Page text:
Douglas Adams, |
It is impossible not to have some mixed feelings about this novel. It does stand as a return to the wild frivolity and cuttingly biting humor of the first three books, yet it is certainly less than upbeat, all things considered. Despite all kinds of evidence to the contrary, I always had the feeling that things would work out, even for poor Arthur Dent -- the universe might not make a bit of sense, of course, but these characters I love so much would ultimately at least find a sense of peace if not happiness in some forgotten corner of the cosmos. It's something of a downer to find out this is not really the case.
Two characters who very much made up the heart of the series for me, Marvin and Zaphod, are not even present in these pages. Then you have Fenchurch from the fourth book, a character I really came to love, thrown out of the saga like so much spoiled Perfectly Normal Beast meat. It's nice to have Trillian back, albeit in a couple of transdimensional forms, as well as Ford and Arthur, but it's hard to say who the story is really about. Arthur's new life as a sandwich maker on a remote planet is rather pitiful but totally Dent-like. Ford's attempts to undo the tragic consequences of the Hitchhiker's Guide to the Galaxy company having been taken over by unscrupulous businessmen is interesting. The introduction of a Tricia McMillan who did not leave the party with Zaphod because she decided to go back for her handbag ends up just muddying the waters of the fictional timestream. Then there is Random, the biological daughter of Arthur Dent by Trillian; she is even more mixed up and generally confused about life than the father she only meets as a teenager dumped by her too-busy mother. It might be said that this is Random's story, but all she really does is provide the means by which the principal actors Ford, Arthur and Trillian are eventually brought together for the final conclusion.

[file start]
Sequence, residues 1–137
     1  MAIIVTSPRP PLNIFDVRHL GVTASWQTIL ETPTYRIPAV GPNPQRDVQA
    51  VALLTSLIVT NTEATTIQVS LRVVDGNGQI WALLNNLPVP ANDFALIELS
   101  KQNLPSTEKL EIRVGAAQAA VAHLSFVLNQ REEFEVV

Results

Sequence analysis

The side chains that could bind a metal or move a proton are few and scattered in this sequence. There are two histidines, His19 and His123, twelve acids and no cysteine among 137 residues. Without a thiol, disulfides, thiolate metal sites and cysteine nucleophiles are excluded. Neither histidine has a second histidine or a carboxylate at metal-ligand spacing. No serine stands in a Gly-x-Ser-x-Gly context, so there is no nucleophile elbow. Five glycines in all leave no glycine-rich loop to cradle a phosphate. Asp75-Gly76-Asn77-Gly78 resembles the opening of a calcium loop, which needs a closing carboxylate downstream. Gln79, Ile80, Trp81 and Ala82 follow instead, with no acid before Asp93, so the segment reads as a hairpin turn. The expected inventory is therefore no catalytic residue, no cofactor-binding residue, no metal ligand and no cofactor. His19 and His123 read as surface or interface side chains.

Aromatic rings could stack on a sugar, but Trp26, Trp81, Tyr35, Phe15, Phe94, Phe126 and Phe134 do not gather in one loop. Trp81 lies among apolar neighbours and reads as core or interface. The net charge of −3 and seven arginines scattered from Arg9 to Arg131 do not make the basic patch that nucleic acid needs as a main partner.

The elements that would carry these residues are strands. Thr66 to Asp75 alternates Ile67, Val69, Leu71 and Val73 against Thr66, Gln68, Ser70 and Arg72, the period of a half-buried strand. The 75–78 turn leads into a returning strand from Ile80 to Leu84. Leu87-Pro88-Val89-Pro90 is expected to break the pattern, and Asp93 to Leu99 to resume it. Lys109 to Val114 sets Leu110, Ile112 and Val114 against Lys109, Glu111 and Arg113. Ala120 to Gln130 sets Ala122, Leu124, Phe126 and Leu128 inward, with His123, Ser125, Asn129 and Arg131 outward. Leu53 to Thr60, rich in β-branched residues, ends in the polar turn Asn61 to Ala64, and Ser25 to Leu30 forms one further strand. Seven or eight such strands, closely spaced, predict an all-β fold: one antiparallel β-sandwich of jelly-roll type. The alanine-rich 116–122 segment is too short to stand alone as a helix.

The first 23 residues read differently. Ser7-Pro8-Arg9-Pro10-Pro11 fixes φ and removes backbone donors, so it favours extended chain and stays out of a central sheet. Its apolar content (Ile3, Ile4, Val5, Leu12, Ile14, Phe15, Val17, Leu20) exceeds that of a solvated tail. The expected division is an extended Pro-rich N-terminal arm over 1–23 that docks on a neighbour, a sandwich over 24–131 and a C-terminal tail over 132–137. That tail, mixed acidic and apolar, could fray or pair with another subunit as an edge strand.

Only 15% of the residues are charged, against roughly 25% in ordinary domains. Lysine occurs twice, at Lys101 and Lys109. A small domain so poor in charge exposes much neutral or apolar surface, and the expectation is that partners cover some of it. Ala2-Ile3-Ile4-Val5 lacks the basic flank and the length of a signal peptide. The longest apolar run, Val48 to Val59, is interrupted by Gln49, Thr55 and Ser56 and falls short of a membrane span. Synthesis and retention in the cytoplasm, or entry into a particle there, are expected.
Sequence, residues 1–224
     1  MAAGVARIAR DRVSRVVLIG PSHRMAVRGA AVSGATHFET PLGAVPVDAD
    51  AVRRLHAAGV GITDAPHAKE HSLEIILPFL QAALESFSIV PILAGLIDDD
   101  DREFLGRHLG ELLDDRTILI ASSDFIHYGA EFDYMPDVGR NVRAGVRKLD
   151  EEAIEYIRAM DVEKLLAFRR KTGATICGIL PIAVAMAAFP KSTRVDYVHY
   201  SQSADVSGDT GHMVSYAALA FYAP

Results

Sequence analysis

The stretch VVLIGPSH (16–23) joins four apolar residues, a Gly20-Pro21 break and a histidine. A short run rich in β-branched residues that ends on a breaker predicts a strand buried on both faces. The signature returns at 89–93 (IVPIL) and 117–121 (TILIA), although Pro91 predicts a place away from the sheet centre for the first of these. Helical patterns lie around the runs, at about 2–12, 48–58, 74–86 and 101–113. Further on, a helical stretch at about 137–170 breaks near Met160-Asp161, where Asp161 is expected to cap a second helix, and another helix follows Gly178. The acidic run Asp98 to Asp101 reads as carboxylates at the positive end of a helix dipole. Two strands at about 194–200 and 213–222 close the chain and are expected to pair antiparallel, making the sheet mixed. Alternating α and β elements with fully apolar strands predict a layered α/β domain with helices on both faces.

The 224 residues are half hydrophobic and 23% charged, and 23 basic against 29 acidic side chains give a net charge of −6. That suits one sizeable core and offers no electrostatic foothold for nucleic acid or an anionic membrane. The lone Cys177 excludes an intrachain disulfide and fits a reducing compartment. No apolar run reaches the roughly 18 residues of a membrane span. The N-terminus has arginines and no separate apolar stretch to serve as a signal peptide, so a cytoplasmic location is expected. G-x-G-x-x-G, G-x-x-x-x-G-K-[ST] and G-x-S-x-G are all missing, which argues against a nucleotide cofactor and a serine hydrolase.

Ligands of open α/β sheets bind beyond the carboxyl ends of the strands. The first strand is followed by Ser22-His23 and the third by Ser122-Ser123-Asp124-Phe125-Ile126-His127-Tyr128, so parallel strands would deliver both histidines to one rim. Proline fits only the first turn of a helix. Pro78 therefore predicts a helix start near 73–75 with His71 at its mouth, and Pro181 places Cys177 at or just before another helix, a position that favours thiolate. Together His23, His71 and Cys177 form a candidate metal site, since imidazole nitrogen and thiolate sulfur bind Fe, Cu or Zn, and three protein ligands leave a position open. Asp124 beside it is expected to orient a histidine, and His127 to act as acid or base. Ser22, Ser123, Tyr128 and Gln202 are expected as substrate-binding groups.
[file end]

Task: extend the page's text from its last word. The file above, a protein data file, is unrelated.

Adams did do an impressive job of bringing things together in the end -- characters and situations not only from this novel itself but from the start of the whole Hitchhiker's saga (think Vogons). Why a pesky number of loose threads were allowed to hang out, though, while so much work went into resolving other looming storylines, is beyond me and did much to mar the satisfaction I got from the rather abrupt, unfortunate conclusion. I am particularly bothered by the fact that Fenchurch, a character important enough for Adams to have written the entire fourth novel about, is summarily dismissed with little thought and even little grief from Dent himself.
I should not complain about the way Adams chose to close this delightful series of novels of his own imaginative creation, yet I cannot help feeling disappointed if not a little cheated by the way in which everything ended. All in all, while I did enjoy parts of this book immensely, I would rather have left things with the happy note of So Long, & Thanks for All the Fish, and be left free to imagine what kinds of messes Ford and Arthur might be getting themselves into somewhere in the universe and wondering what really ever happened to Trillian and Zaphod.
by Daniel Jolley